Noted astrophysicist, cosmologist, and popular science author, Carl Sagan ends his book The Dragons of Eden with the following lines: “The universe is elegant and intricate. We wrest secrets from nature by the most unlikely routes.”
Even though the subject matter of the book deals with his speculations on the evolution of human intelligence, this series of articles, should it manage to succeed in its aim, should serve the purpose of highlighting the veracity of his words. The fabric of the cosmos does present the human intellect with numerous challenges. As we unravel its umpteen layers, the excitement of having solved a mystery can be said to only marginally exceed the frustration at encountering new questions. In this mythical quest for secrets, as hope trumps disappointment, the cycle of discovery keeps reinventing itself as one puzzle replaces the next.
In my last piece, I had tried to illustrate how the element of uncertainty is embedded in the very fabric of quantum mechanics. It is not of the kind we encounter in classical mechanics, where trusted laws can help us determine with absolute certainty which way a tossed coin will land. Uncertainty in quantum mechanics refuses to reveal its secrets beyond a certain ‘probability wave’, or more precisely wavefunction, that predicts the likelihood of the occurrence of an event. It is only when we interact with the system, with the intention of measuring some of its property, that this haze of multiple possibilities clears and assumes a definite outcome.
Wave collapse. Image from University of Texas.
Mathematically, this evolution can be said to have two distinct stages. In the first stage, the probability wave of an electron (or some other fundamental particle) evolves over time—smoothly and gradually—according to Schrödinger’s equation. The second stage is when we make contact with the observable reality, causing the electron to snap to, let’s say, a particular position, thereby ‘collapsing’ the wavefunction. And therein lies the heart of our ‘problem’.
The quantum mechanical description of reality is clueless about this collapse. According to Schrödinger’s equation, wavefunctions do not collapse. It is simply a convenient add-on that helps theory agree with observations (I have come to believe physicists often do that). Since the cat is never observed to be both dead and alive, the explanation safely posits that the act of measurement causes the wavefunction to relinquish its state of quantum limbo and usher one of the possibilities into reality. But what is so special about the act of observation that causes this choice to be made? How are the different possibilities converted onto an actual, sharply-defined outcome? This dilemma is what’s known as the Quantum Measurement Problem and forms the core of several contending interpretations of quantum mechanics that seek to explain what has so far only been observed.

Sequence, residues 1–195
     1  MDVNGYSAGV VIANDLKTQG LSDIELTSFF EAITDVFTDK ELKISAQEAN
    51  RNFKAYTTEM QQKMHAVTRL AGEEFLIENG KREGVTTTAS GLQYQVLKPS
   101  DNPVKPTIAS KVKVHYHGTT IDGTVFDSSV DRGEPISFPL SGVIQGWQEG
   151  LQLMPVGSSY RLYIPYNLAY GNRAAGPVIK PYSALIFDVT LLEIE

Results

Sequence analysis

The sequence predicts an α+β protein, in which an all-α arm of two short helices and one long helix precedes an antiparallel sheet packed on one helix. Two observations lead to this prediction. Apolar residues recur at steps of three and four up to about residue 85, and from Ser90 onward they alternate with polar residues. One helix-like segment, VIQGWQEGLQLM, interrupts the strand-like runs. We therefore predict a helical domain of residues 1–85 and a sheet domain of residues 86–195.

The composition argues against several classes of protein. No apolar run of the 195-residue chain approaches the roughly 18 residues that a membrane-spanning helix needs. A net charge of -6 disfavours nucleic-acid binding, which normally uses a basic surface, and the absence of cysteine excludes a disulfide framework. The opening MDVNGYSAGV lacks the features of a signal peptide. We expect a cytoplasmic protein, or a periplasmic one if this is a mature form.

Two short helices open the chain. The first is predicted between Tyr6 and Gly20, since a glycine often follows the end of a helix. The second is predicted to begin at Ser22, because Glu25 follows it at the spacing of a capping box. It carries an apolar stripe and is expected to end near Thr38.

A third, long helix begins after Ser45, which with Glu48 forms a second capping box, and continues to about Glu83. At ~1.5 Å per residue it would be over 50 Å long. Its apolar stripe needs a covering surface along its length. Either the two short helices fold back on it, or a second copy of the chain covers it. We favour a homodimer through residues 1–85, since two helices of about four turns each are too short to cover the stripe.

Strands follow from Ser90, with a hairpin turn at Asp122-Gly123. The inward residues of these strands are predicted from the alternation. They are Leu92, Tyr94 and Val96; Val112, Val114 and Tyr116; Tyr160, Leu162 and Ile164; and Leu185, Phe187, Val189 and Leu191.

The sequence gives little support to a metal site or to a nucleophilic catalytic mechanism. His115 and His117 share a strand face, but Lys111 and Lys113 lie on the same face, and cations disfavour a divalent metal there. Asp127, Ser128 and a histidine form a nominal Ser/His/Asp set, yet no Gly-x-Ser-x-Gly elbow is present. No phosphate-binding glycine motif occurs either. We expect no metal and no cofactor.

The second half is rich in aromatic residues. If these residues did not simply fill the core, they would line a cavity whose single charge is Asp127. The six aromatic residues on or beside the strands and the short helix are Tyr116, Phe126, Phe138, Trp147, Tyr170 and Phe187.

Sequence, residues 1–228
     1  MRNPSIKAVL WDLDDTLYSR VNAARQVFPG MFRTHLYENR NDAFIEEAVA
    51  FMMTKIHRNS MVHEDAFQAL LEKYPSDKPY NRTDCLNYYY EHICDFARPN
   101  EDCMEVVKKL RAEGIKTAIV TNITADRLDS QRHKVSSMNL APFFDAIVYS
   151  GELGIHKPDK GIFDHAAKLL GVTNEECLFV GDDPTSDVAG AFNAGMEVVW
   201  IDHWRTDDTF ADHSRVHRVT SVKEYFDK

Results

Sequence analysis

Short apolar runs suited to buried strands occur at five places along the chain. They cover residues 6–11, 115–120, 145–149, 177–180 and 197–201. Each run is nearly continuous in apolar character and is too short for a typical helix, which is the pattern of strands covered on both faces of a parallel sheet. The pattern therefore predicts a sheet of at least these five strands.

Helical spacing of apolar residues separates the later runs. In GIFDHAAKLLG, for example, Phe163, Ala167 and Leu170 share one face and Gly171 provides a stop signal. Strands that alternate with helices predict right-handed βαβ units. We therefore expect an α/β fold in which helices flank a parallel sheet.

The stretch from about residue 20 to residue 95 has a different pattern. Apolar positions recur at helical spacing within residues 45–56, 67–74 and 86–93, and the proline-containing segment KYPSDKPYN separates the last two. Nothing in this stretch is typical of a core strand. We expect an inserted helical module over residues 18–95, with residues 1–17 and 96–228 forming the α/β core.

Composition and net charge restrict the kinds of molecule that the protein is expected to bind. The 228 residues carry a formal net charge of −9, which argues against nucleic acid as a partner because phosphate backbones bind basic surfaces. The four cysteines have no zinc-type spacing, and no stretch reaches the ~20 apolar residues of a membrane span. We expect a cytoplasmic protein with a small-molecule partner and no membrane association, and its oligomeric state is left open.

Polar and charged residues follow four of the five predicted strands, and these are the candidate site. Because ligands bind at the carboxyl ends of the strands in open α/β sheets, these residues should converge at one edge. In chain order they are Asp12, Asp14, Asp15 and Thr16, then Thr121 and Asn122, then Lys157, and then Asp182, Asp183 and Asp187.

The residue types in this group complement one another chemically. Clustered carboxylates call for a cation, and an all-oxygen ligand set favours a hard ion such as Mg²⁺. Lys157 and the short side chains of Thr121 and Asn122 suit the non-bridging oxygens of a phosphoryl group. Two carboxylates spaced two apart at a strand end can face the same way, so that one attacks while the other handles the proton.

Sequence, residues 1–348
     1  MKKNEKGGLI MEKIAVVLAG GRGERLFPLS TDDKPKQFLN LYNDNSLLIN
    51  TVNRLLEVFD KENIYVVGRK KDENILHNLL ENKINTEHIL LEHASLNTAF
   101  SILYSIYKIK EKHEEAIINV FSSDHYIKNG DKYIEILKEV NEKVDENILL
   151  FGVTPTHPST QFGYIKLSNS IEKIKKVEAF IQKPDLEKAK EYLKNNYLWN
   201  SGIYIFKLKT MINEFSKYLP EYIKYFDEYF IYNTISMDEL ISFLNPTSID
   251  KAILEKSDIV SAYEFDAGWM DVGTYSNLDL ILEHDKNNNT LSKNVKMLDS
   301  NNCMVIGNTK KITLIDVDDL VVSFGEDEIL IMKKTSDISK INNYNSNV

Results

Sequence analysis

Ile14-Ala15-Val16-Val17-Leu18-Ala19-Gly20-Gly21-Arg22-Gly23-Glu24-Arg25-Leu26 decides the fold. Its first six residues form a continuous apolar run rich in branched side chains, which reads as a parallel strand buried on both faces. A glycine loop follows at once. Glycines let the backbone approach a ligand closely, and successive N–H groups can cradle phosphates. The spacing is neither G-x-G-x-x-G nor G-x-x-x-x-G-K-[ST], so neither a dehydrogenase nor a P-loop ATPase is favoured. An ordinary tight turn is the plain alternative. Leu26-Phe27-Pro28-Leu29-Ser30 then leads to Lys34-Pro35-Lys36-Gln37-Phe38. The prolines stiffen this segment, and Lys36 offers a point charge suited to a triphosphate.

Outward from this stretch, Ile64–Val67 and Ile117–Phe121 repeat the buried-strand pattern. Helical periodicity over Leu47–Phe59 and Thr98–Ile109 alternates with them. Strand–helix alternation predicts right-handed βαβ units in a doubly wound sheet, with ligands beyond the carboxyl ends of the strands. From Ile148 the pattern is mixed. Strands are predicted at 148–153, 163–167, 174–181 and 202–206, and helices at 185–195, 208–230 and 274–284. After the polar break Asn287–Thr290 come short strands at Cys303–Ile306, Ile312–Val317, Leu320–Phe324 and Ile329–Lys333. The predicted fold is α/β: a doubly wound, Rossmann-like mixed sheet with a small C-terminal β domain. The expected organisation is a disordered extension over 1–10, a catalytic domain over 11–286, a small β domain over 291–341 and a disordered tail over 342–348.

Werner Heisenberg, who, along with Neils Bohr, formulated the Copenhagen interpretation, provides some particular useful insights regarding the nature of quantum reality in his book Physics and Philosophy. He writes, “Reality is in the observations, not in the electron.” This view is embodied in the Copenhagen interpretation which claims that a wavefunction is merely the mathematical embodiment of what we know about reality. Before we observe the electron, it exists in a ‘coherent superposition’ of all possible positions, snapping out of this haze when we measure its position. In this respect, the collapse is nothing more than the change in our knowledge about the whereabouts of the electron. What goes on behind the scenes, strictly speaking, lies beyond the scope of physics.
Dead and alive. Image from Animals Have Problems Too.
Crudely translated, this would imply that the cat is to be considered alive and dead at the same time! Naturally, this worldview, even though quite popular, does not sit well with a number of physicists and, yes, philosophers. Detractors question why fundamental physics should so closely be tied to human awareness. If we were not here to tinker around with laboratory equipment, would wavefunctions never collapse, or better still, not exist? Can bacteria or ants not be observers of quantum reality and a change in their ‘knowledge’ be associated with the wavefunction collapse?